- the escape of a fluid from its natural vessels into a body cavity.
- the fluid that escapes.
Origin of effusion
Examples from the Web for effusion
Florac took a little wine, replied "with effusion" to the toast which his excellent, his noble friend had just carried.The Newcomes|William Makepeace Thackeray
Some of your visitors will be personally known to you, and these you will greet with effusion.
The Earl of Salisbury judged it to be the effusion of a lunatic, but thought it well, nevertheless, to communicate it to the king.What was the Gunpowder Plot?|John Gerard
At least, no effusion of words could have made clearer and more distinct what he expressed.Frederick Chopin as a Man and Musician|Frederick Niecks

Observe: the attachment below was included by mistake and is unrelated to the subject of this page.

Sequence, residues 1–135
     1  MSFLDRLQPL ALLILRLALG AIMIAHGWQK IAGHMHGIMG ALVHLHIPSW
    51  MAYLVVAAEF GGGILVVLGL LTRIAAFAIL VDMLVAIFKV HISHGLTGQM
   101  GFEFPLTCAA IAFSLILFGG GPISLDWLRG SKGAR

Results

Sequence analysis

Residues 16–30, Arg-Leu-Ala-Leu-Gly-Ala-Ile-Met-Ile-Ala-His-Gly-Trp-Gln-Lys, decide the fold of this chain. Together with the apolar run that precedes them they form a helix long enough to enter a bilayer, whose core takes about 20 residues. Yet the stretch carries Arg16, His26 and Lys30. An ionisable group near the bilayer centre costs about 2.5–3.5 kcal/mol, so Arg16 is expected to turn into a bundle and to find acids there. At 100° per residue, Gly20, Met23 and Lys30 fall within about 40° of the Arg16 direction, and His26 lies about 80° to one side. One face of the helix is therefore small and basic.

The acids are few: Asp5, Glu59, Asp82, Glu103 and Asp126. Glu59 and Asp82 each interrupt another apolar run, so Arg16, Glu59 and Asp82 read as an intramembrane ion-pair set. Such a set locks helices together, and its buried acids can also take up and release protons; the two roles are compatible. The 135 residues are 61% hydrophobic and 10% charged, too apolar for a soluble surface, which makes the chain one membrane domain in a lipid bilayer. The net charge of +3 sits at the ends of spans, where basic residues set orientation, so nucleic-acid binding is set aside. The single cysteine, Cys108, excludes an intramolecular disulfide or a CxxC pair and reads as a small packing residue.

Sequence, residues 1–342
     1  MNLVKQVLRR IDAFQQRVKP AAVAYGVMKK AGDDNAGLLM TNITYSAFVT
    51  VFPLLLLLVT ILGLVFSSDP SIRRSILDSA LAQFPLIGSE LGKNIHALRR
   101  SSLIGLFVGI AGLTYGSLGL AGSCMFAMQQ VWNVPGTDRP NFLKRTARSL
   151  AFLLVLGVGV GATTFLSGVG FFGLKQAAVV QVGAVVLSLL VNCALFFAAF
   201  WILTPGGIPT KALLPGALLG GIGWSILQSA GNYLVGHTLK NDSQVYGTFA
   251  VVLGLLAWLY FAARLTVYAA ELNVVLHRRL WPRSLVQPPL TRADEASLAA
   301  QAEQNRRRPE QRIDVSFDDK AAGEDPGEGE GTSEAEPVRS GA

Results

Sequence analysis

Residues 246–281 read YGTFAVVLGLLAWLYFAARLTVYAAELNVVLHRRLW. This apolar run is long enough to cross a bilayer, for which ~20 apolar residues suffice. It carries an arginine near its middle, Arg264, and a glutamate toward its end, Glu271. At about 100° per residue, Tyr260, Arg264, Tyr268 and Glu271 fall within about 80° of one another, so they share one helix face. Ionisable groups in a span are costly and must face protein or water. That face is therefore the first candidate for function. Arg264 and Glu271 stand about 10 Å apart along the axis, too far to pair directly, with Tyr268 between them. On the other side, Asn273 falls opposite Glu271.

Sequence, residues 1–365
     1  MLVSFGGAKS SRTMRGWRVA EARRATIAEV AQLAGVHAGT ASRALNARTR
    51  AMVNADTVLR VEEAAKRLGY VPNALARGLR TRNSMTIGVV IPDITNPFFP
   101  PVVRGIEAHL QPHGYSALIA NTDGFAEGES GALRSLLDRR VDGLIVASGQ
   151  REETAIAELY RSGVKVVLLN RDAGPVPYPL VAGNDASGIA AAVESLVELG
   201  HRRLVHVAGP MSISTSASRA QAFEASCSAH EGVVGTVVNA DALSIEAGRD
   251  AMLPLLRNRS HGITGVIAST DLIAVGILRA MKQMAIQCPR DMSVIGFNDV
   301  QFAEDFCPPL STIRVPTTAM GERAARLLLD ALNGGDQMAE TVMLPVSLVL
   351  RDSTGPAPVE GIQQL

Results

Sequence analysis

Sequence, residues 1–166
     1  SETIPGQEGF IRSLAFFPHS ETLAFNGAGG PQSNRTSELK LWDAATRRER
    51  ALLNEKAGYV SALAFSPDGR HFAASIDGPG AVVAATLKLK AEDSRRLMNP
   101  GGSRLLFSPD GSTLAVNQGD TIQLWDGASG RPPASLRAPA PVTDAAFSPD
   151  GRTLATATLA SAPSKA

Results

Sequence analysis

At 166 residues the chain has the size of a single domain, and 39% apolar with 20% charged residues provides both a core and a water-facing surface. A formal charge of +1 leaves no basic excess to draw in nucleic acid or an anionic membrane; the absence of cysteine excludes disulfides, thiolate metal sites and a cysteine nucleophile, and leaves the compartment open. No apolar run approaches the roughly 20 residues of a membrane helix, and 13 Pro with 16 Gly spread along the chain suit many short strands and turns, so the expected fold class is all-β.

Danton, the cruel Danton, became sated with blood, and wished to stop its effusion.The History of England in Three Volumes, Vol.III.|E. Farr and E. H. Nolan
- the escape of blood or other fluid into a body cavity or tissue
- the fluid that has escaped
c.1400, "a pouring out," from Middle French effusion (14c.) and directly from Latin effusionem (nominative effusio) "a pouring forth," noun of action from past participle stem of effundere "pour forth, spread abroad," from ex- "out" (see ex-) + fundere "pour" (see found (v.2)). Figuratively, of speech, emotion, etc., from 1650s.